No surprise, then, that Witzenburg changes tack and adopts the hackneyed “what’s best for America” argument. He states “while some (mostly southern) states continue to battle each other with big incentives to attract new foreign-maker plants to gain two or three thousand jobs, other (mostly northern) states lose tens of thousands.”

Witzenburg seems unaware that these “mostly southern” states have been trying to attract the automotive industry for years. They were snubbed by the American automakers based in the “mostly northern” states. Now the same automakers are crying foul when southern states do whatever’s necessary to lure industrial facilities, using incentives to create jobs for their citizens. Just like Michigan.

“What they did not see, or chose to ignore, is that ‘creation’ of a few thousand plant jobs here and there would eventually destroy many more and better jobs elsewhere.”

What Witzenburg doesn’t see, or conveniently ignores, is that the jobs in question were destroyed by The Big 2.5's refusal to recognize and adapt to a changing market, and the way they rolled over and played dead for the UAW. The Big 2.5’s tunnel vision led to this situation, not the efforts of a few state governors to provide a better standard of living for their constituents.

Witzenburg then quotes Jim Allard, professional organist and president of the Ford-funded Level Field Institute. “Is it more important to the U.S. economy for someone to buy a Ford Fusion, although it's built in Mexico, from a company that employs 105,000 SUV-driving Americans than a Honda built in Ohio from a company that employs 27,000 sushi eaters?”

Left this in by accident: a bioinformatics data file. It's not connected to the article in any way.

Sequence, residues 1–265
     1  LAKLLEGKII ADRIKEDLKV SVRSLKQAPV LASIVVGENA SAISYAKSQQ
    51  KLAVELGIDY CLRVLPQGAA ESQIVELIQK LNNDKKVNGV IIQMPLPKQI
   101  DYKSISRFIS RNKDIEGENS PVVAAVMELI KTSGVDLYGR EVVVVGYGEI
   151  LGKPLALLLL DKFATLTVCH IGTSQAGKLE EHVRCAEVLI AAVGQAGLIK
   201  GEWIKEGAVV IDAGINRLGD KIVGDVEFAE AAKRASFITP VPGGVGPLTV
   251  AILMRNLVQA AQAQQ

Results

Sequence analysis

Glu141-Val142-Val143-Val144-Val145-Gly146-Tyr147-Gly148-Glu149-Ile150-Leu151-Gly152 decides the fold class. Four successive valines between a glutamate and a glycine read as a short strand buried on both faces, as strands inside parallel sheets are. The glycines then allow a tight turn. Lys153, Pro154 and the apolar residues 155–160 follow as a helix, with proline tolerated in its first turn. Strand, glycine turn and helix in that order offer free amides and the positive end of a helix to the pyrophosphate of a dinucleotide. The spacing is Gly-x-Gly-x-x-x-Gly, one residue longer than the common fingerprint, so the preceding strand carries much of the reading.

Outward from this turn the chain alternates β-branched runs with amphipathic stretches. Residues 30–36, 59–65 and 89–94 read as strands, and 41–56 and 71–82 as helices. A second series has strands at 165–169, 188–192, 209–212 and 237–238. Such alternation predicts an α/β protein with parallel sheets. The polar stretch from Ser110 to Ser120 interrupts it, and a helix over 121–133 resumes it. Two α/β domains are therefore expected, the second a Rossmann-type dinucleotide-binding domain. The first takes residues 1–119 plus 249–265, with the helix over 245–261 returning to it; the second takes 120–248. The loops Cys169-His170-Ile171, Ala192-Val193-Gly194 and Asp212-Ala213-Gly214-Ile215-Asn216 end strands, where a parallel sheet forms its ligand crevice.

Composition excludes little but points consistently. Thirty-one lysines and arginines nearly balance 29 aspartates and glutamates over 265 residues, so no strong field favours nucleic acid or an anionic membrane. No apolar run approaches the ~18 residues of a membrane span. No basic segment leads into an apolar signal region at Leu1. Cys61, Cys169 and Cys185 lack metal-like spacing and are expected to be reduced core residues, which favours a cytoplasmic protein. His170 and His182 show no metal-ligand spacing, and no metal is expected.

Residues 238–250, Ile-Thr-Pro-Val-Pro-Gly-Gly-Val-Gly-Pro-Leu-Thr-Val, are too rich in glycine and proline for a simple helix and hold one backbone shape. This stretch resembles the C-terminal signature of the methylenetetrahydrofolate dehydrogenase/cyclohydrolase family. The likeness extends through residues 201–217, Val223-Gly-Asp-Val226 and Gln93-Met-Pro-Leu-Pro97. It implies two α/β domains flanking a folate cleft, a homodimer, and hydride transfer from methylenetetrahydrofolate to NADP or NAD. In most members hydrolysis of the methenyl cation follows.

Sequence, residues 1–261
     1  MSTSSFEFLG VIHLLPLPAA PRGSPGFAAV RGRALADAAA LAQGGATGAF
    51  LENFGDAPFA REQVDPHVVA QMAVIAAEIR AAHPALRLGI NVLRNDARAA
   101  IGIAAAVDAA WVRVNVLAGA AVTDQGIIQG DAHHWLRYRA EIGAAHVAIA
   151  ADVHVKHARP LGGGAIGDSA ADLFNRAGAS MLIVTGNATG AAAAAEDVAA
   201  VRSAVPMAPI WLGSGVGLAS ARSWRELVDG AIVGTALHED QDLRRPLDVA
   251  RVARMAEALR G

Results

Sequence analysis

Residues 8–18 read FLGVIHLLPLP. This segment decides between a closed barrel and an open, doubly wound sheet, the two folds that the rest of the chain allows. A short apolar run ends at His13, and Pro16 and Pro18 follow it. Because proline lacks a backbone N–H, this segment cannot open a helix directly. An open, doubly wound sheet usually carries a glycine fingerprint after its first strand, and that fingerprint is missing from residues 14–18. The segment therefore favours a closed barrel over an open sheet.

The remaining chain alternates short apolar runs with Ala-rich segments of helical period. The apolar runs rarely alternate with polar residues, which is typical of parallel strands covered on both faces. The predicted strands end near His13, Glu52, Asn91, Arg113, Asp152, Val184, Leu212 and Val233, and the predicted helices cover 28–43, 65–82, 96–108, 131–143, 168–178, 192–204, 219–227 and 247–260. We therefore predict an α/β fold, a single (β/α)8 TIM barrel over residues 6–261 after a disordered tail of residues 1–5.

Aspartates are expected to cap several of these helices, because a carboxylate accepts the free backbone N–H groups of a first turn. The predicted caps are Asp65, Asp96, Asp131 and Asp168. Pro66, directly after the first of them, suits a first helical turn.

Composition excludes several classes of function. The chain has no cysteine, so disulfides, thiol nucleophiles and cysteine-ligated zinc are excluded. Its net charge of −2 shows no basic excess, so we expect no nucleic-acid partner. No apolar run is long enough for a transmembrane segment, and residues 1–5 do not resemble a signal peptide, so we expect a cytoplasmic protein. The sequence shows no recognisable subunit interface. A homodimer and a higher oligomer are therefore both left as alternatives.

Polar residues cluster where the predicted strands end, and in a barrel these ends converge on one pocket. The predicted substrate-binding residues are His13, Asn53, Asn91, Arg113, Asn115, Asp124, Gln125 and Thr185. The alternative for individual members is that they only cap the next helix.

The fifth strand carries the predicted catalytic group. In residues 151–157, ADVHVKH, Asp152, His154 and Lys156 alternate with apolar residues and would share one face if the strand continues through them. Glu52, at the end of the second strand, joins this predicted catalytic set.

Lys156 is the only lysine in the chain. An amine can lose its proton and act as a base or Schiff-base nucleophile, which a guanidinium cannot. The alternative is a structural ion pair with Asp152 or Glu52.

In a word, no. If Americans bought automobiles based entirely on the number of ignorant Americans an automaker employs– not upon the vehicle's quality or value– there'd be only one domestic manufacturer. We'd all be driving something truly nasty (e.g. Lada). What's more, if foreign consumers followed the same rule, they'd never buy an automobile from an American subsidiary.

The Big 2.5 have staked their future on their ability to leverage the world automotive market for domestic success. Their plan contradicts the knee-jerk patriotism they've promolgated– or at least tolerated– ever since the foreign "invasion" began. Ironically enough, Gary Witzenberg is paving the domestics' road to Hell.

[To read Gary Witzenburg's editorial, click here.]

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2 of 95 comments
  • Luigi Bosco Luigi Bosco on Sep 09, 2007

    If it is not from the big three is is not a product from the land of the free. Are you guys in denial? I had a 1990 Chevy which I recently gave to a friend. Unlike it’s Japanese competitors it did not have a timing belt. It‘s V6 engine did not gel and the heads gaskets did not blow. The speedometers recorded the mileage correctly and as it was a wagon it was worked hard most of its life and buried a lot of foreign competition during the 17 years the car was in the family. . What you drive says allot about who you are. Do you really think you do not stand out in a foreign brand on a us road? If you want to buy from a scab do not cry when you are out of work. Foreign jobs are in the south for a reason only ; to employ scab workers. You can put dress on pig but it is still a pig Nissan sent the Armada, Honda sent the Pilot and Mitsubishi sent the Zero; what does that make you, a target? Be different and support America.